What Pet Insurance Does And Does Not Cover

What Pet Insurance Does And Does Not Cover
Although only 1% of US pets are currently insured, that number is growing fast with each and every passing year, in sync with the ever-rising costs of veterinary care. But before you sign on the dotted line, you want to make sure you understand what exactly pet insurance does and does not cover. Companies and policies will vary somewhat, and you can always increase coverage limits or add certain riders to expand cover.
But there are some basic areas that pet insurers generally do or do not cover – and to be a smart insurance shopper, you need to be aware of them.

What Pet Insurance Covers
Pet insurance can be used different ways by different people (and pets), but if you buy comprehensive pet coverage, you can expect the following to be included on your policy:

  • Emergency veterinary and hospital care.
  • Prescribed medications.
  • Therapies for recovery and behavioral problems.
  • Care for most chronic health conditions.
  • Preventative care, under specific circumstances.
  • Spaying & neutering, if you choose to include them.

A basic pet policy is mostly just for emergency care for accidents and unforeseen illnesses. But a comprehensive policy adds some cover for vet visits and preventative measures.

But this repertoire of coverage – even with “full” pet insurance, is not going to take care of 100% of all possible pet care expenses. All pet insurance has some limitations and exclusions, to which we now turn our attention.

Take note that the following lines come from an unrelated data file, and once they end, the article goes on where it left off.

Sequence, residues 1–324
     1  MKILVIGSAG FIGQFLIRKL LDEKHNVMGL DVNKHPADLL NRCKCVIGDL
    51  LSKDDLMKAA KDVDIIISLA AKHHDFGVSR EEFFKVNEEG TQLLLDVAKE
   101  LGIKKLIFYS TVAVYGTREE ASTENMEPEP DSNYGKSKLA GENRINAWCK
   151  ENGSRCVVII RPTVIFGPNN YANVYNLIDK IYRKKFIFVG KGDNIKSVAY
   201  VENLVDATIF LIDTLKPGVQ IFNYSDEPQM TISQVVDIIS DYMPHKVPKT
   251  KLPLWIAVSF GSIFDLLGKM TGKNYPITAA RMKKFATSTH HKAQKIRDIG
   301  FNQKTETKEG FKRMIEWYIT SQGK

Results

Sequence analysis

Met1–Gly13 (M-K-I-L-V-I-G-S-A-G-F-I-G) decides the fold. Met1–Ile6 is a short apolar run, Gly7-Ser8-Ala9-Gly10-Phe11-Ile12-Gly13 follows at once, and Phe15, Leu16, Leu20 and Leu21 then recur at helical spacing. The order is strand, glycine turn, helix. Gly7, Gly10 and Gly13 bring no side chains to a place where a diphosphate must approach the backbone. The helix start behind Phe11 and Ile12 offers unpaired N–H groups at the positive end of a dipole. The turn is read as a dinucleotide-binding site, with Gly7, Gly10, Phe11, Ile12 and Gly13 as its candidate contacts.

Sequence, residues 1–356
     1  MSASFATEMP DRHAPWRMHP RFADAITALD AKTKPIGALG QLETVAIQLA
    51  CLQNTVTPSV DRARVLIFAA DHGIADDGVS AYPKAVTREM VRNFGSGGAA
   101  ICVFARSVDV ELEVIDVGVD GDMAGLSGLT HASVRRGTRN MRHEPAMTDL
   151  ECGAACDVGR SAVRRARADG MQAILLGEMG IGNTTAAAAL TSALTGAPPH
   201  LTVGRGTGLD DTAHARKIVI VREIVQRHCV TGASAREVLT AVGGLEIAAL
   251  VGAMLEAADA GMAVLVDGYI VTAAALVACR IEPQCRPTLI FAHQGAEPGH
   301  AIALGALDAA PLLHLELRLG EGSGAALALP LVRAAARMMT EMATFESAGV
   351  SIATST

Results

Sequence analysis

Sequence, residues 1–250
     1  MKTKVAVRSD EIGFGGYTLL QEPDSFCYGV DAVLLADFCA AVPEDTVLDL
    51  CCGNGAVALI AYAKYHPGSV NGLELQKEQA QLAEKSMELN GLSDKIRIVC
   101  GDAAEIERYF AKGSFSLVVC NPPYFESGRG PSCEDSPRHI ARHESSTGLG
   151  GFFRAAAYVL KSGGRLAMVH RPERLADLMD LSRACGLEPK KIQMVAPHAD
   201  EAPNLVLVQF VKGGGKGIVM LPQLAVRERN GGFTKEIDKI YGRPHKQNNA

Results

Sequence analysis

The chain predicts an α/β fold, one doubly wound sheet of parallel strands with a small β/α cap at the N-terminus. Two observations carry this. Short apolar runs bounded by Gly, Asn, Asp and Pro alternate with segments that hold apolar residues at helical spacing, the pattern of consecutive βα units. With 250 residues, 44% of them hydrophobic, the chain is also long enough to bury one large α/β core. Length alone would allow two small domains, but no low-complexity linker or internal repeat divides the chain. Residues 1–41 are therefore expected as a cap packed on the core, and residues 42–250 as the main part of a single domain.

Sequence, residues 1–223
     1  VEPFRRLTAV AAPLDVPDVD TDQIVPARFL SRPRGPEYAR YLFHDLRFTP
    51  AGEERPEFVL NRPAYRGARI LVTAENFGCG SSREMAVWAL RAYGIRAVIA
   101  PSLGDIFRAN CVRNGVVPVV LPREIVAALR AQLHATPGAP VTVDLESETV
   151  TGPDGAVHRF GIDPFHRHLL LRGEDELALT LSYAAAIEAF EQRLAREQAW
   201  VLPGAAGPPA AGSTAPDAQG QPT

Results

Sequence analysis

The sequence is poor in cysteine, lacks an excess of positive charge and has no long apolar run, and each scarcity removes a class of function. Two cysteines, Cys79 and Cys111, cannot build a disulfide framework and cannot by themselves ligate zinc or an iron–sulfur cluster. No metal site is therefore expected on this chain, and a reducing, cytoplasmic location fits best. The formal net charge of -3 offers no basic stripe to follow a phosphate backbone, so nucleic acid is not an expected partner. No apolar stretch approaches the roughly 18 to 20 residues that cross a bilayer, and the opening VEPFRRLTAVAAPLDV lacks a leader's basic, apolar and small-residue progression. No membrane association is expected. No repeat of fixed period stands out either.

What Pet Insurance Doesn’t Cover
The biggest difference between pet insurance and human health insurance is that the latter now (under ACA) covers preexisting conditions, while the former does not.

The fact is, if pet insurers covered preexisting conditions, they would likely soon go out of business. Why? Because people could just wait till their pet was sick, grab a pet policy to cover it, then drop service after it was paid for.

It would also make it so there was virtually no limit on what can be claimed or in what amount – it’s easy to see how the how system would collapse under that scenario.

Additionally, most pet insurance will have waiting periods before coverage (for some conditions, at least) begins. The wait period might be 15 or 30 days, for example.

Finally, most policies will exclude certain hereditary diseases and conditions connected with a particular breed. These are considered relatively predictable and something an owner of that breed should prepare for. But, that said, you can sometimes pay a higher premium to cover hereditary diseases.

What Pet Insurance Sometimes Covers
The two main coverage areas that are absent basic pet insurance but that can be added on have to do with preventative care.

Routine care and normal health and wellness have to added if desired on your policy. This includes things like spaying/neutering, flea/tick control measures, teeth or ear cleaning, annual check ups, and vaccines.

Secondly, the fee for vet visits and examinations is not included on all policies. It is only going to be covered on a policy that has an annual limit. The reason is that, if office visits/exams were covered without a limit – there would be no incentive to take your pet to see the vet only when he/she really needs it.

To learn more about what is/isn’t covered by pet insurance, or to discuss selecting a policy that fits your needs, contact Flagler County (FL) Insurance Agency today!